Data provided by Applied Health
side effects, nutrient depletions, herbal interactions and health notes:
• Food can reduce the absorption of the drug. Take the suspension form 1 hour after or 2 hours before a meal.1
• Vitamin K levels may decrease with prolonged cephalosporin use. Monitor prothrombin levels while on these antibiotics.2
• Antibiotics kill bacteria, including beneficial flora in the gut, which may affect digestion and/or elimination. Supplementation with acidophilus and/or bifidus may help to replace this beneficial flora.3
• Avoid alcohol.4
• Levels of B vitamins may be reduced with long term cephalosporin use. Consult a pharmacist regarding need for supplementation.5
• Feverfew, Ginkgo and Garlic all have anticoagulant properties, this may theoretically interfere with some cephalosporins, due to their known interactions with coumadin.6
References1 Pronsky, Z Food Medication Interactions, 11th edition, 1999
2 Shils M, et al. (eds.). Modern nutrition in health and disease, 9th ed. Baltimore: Williams and Wilkins, 1999: 1634
2 Facts and Comparisons, Clinisphere 2.0, Wolters Kluwer Company, 2000
3 Bengmark S & Gianotti L: Nutritional support to prevent and treat multiple organ failure. World J Surg, 1996 May, 20:4, 474-81.
3 Cummings JH, Macfarlane G: Role of intestinal bacteria in nutrient metabolism, JPEN J Parenter Enteral Nutr, 1997, 21(6): 357-65.
3 Gorbach SL: Bengt E. Gustafsson Memorial Lecture, Function of the Normal Human Microflora, Scand J Infect Dis Suppl, 1986, 49:17-30.
4 Facts and Comparisons, Clinisphere 2.0, Wolters Kluwer Company, 2000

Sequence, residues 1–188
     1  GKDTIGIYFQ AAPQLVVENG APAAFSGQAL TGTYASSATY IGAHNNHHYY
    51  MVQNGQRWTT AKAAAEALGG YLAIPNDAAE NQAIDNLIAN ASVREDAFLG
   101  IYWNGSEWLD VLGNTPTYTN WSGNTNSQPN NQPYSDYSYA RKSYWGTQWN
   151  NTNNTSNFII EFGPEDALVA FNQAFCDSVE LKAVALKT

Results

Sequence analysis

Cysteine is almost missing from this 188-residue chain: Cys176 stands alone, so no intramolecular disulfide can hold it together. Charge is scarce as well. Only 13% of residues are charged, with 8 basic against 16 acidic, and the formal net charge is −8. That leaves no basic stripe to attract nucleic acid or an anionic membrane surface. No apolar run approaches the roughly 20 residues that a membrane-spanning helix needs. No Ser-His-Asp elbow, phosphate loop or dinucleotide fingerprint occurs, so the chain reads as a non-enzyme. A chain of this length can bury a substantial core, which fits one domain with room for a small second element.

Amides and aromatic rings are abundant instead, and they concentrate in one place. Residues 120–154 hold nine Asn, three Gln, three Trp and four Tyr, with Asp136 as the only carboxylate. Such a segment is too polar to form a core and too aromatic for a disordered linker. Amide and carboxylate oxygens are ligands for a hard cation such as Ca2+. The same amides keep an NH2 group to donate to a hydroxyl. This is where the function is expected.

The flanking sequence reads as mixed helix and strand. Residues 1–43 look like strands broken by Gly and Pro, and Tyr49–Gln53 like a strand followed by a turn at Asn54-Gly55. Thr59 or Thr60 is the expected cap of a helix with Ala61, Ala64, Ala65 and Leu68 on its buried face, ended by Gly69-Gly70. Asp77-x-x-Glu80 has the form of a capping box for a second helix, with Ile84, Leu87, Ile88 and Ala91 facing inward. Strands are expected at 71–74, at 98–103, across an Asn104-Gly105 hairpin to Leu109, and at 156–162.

5 Cummings JH, Macfarlane G: Role of intestinal bacteria in nutrient metabolism, JPEN J Parenter Enteral Nutr, 1997, 21(6): 357-65
5 Hill MJ: Intestinal flora and endogenous vitamin synthesis, Eur J Cancer Prev, 1997, 6 (Suppl 1): S43-5.
6 Facts and Comparisons, Clinisphere 2.0, Wolters Kluwer Company, 2000
6 PDR for Herbal Medicines, 2nd edition, Medical Economics Company, 2000
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The information in Drug Watch is provided as a courtesy to NewsTarget readers by Applied Health Solutions in cooperation with Healthway Solutions. Although the information is presented with scientific references, we do not wish to imply that this represents a comprehensive list of considerations about any specific drug, herb or nutrient. Nor should this information be considered a substitute for the advice of your doctor, pharmacist, or other healthcare practitioner. Please read the disclaimer about the intentions and limitations of the information provided on these pages. It is important to tell your doctor and pharmacist about all other drugs and nutritional supplements that you are taking if they are recommending a new medication. Copyright © 2007 by Applied Health Solutions, Inc. All rights reserved.